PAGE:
Mr Chua added: "Feeding often results in closer and more frequent interactions between wildlife and humans, and thus a higher chance of transmission of pathogens and zoonotic diseases."
The latter refers to diseases that can be spread from animals to humans such as rabies and bird flu.
The coronavirus that causes Covid-19 is also believed to originate from a wildlife market, although investigations are still ongoing.
A study by NParks published last month in the scientific journal Biological Conservation found that pigeons flock where human food is - and that reduced food availability could affect the reproductive cycles of these birds.
Mr How Choon Beng, director of wildlife management and outreach at NParks, said that one finding was that in less than two months, the feral pigeon abundance in open food centres dropped by more than half.
Wild or not?
Feeding community animals such as stray cats and dogs, however, is legal as it is not covered by the Wildlife Act.
Wild animals have evolved with the environment over time, developing unique adaptations that will help them find food and mates in the environment.
Domesticated species like cats, dogs and chickens, however, have been selectively bred for certain traits over millennia, and many have lost traits that will help them successfully find food in the wild.
But NParks said it works closely with the animal welfare groups to ensure feeding animals are done responsibly and in a way that will not dirty the surroundings.
Co-founder of animal welfare group Save Our Street Dogs Malina Tjhin said: "We educate them on why irresponsible feeding leading to complaints will only hurt the dogs they care so much for.
"If the feeder is prevented from feeding as a result of irresponsible feeding, the dogs are the ones that will go hungry and suffer," she added.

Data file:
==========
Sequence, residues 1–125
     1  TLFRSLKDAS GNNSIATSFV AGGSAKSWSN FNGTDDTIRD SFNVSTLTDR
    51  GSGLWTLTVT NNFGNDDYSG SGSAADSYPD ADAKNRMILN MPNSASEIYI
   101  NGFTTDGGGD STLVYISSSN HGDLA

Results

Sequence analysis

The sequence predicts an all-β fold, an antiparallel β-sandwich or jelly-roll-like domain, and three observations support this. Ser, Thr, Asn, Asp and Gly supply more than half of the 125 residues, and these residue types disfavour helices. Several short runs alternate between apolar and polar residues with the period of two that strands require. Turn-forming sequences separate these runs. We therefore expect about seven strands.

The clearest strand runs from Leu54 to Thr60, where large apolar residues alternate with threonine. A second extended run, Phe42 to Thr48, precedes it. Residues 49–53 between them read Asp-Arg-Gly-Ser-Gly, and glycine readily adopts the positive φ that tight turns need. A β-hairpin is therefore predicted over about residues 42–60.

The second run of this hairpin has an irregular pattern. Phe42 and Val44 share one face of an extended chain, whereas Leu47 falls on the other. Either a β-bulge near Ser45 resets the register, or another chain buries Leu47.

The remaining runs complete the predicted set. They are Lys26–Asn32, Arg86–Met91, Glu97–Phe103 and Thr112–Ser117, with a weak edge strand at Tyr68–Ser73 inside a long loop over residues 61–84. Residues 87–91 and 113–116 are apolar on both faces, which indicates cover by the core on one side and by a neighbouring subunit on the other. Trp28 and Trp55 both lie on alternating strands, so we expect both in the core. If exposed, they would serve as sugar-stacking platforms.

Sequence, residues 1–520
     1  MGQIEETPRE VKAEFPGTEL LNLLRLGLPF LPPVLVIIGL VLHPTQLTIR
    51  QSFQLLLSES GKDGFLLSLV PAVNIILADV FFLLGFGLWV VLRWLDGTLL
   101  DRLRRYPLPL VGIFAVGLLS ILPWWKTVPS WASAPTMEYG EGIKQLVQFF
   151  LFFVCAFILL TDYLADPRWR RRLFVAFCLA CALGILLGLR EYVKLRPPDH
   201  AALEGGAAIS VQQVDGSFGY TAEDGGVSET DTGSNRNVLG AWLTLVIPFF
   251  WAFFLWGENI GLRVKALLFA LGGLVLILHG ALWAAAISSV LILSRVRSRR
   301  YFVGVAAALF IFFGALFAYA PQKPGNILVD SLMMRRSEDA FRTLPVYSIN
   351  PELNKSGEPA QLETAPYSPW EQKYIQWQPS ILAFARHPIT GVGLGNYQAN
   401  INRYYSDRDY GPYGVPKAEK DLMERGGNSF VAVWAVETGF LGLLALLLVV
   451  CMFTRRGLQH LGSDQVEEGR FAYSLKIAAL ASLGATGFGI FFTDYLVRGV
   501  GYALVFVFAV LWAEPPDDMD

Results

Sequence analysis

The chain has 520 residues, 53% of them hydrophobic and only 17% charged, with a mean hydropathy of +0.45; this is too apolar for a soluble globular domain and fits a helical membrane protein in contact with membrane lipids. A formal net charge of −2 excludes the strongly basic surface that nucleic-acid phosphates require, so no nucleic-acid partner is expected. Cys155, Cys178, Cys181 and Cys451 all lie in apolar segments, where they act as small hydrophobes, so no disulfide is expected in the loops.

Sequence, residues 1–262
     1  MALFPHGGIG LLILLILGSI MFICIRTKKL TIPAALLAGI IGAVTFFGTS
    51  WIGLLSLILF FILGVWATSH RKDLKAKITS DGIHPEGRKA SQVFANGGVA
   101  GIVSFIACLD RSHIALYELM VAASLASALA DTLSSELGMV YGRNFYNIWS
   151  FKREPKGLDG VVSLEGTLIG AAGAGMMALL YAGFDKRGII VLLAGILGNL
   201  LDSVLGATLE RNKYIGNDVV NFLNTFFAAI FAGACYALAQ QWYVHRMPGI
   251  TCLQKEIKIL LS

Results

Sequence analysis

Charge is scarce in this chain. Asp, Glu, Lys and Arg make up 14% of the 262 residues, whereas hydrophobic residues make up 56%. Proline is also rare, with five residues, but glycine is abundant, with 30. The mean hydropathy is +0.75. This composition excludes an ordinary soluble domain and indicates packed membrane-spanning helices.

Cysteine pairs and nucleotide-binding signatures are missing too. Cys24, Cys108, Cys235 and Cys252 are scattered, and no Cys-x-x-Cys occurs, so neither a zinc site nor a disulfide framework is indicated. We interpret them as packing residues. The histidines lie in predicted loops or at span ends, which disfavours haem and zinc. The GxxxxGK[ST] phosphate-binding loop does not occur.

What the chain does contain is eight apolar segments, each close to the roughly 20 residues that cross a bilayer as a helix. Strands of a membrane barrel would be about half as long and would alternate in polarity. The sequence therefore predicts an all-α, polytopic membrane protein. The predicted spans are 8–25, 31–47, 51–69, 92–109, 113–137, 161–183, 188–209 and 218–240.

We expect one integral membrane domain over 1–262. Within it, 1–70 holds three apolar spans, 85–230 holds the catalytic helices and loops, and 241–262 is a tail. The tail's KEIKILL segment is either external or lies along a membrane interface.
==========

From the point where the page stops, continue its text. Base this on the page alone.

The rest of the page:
The volunteer organisation supports around 50 feeders and about 1,400 community dogs in Singapore.
"When we work with stray feeders, it's a means to an end for us to trap and sterilise the dogs under NParks' Trap-Neuter-Release-Manage programme," added President of Action for Singapore Dogs (ASD) Ricky Yeo.
Launched in 2018, the five-year programme aims to sterilise more than 70 per cent of the stray dog population in Singapore within five years.
"Feeding can be detrimental without sterilisation.
"It only takes a year for the stray dog population to explode since a female can have two litters of between four and 10 puppies each year," said Mr Yeo who started ASD in 2000 with a strict no-kill policy for dogs.
Last year, Singapore announced plans to develop into a City in Nature, with more green infused into the cityscape.
As it progresses toward this goal, experts say people also need to learn how to behave around animals - to ensure that a greener cityscape is a home for both humans and native animals.
Said Ms Anbarasi: "Park connectors have brought greenery close to people and developments brought people close to greenery. Now they need to learn how to co-exist."
Penalties that offenders face
Under the Wildlife Act, a person must not intentionally feed wildlife.
This refers to any animal species that is of a wild nature, including its young. It excludes domestic dogs, cats, horses, cattle, sheep, goats, domestic pigs and poultry.
First-time offenders can be fined up to $5,000 while repeat offenders face fines of not more than $10,000.
A person who has the director-general of wildlife management's approval is exempted from this law. This is granted on a case-by-case basis for situations such as research and professional wildlife rehabilitation.
Aside from the Wildlife Act, it is illegal to feed any animal at a national park or nature reserve under the Parks and Trees Act.
Doing so can incur a fine not exceeding $50,000 and imprisonment for up to six months.
Those who fail to clear food used to feed community animals can also be fined up to $2,000 under the Environmental Public Health Act for littering.
Recalcitrant offenders face fines of up to $4,000 for a second conviction and a maximum of $10,000 for subsequent convictions.